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Why Employ European Union Workers?
If combined they would represent the worlds largest economy by GDP, the seventh largest territory in the world by area and the third largest by population.
Passport controls have been abolished for most member states, and custom checks were also abolished at many of the EUs internal borders, creating to some extent a single space of mobility for EU citizens to live, travel, work and invest.
Poland and Latvia currently have the lowest standard of living and Turkey, Croatia, Albania, Bosnia and Herzegovina, Montenegro and Serbia are officially recognized as potential candidates.
With millions of mobile workers and some countries with more opportunities than others, this has led to mass migration within and around the EU. What should employers think about when looking at recruiting and retaining workers from other EU countires?
From an Employers Perspective
According to new in-depth research published by the Joseph Rowntree Foundation, the study reveals that 75% of employers felt that European enlargement had been good for business, with migrant workers doing jobs under employment conditions that UK nationals are not prepared to accept.
Employers valued highly qualified migrant workers for low-skilled and low-waged work. They preferred benefiting from what they see as the work ethic and reliability of migrant workers to employing reluctant UK nationals who some described as lazy. Employers recognised that recruitment and retention difficulties were often the result of long, anti-social hours, high physical demands, low pay and status. But they claimed they still found it hard to attract UK workers when pay and non-wage benefits were increased.
Employers that dont currently employ any non UK staff need to see beyond recent immigration hype and media hysteria to tap into the needs of the European Union speaking workers and find mutual economic opportunity.
EU migrants need to made aware of advice services and other formal social services as they may need their help more than they would in their home country because they do not have the extended network of family and long-term family friends to rely upon. Some progressive companies have welfare rights workers to help them apply for national insurance numbers and to signpost to agencies with housing problems etc.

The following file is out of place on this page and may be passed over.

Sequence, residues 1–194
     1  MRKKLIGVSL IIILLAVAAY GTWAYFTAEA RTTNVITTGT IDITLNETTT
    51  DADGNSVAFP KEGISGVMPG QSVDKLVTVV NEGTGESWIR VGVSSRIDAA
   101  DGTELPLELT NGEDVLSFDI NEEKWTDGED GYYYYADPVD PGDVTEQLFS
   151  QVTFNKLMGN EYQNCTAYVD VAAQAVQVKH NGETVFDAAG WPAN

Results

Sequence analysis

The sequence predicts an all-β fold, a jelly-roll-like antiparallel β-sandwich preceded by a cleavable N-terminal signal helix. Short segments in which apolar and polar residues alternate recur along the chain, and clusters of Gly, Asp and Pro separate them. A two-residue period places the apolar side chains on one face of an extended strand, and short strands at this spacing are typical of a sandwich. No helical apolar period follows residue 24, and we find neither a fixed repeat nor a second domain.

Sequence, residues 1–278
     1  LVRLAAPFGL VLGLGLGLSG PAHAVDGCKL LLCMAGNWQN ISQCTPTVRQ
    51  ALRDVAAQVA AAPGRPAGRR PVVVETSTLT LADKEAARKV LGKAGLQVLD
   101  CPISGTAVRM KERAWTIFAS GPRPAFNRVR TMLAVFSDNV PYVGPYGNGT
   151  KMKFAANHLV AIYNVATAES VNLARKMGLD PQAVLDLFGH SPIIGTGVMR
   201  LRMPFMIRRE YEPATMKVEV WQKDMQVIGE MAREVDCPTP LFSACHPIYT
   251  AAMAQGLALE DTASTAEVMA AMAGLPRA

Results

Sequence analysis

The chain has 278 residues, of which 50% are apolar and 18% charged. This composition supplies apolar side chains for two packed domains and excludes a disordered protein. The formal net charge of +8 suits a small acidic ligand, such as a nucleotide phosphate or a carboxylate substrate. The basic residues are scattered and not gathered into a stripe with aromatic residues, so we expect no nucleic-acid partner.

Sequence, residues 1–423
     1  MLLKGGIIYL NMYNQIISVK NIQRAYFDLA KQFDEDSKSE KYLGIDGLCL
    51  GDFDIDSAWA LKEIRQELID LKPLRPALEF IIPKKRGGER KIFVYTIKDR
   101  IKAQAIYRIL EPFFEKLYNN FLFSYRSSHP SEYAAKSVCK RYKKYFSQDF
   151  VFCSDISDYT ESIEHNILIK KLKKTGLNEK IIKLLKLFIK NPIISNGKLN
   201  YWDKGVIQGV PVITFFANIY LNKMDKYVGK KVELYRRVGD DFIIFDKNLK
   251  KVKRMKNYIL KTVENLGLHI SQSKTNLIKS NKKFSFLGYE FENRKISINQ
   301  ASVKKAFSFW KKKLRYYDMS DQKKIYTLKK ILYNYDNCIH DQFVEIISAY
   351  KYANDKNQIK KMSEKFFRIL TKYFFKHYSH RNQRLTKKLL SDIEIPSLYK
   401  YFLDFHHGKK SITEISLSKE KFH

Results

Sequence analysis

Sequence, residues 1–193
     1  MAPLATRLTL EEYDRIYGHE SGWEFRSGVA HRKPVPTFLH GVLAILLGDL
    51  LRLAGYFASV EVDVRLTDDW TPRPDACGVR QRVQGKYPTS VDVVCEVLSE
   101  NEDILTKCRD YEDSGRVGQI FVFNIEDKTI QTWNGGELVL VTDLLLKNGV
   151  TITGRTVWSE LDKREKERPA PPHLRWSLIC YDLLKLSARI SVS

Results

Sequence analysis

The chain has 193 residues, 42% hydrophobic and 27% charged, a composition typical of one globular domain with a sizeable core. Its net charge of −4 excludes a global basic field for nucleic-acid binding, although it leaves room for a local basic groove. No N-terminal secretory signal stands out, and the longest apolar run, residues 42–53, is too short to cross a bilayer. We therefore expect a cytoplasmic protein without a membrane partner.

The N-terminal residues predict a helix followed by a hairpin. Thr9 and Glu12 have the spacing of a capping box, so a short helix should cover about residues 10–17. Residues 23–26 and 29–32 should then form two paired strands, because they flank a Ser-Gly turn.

At the moment all migrants can access free English courses but as of September 2007 all EU migrants will have to pay for this privilege unless they are claiming benefits in the UK. Employment agencies have been known to tout for business by offering paid employment and free English lessons in a bid to attract EU workers to come to the UK. I agree with the government on this one, if the employers want English speaking staff, they should pay for it not me! They are getting hard working employees willing to work endless overtime and the nigh shift, the cost of English lessons are a small price to pay.
If immigrant workers are going to be fulfilled, motivated and productive, they need to live their values in the workplace, and feel they are valued and appreciated. They must be involved and experience that their contributions matter. Thus far EU workers may be considered an underdeveloped resource and employers would be wise to reassess their largest capital cost of labour through identifying ways in which these employees can reach their full potential, and thus contribute more effectively to output and profits.
For more information see the Joseph Rowntree Foundation report on EU workers http://www.jrf.org.uk/pressroom/releases/010506.asp
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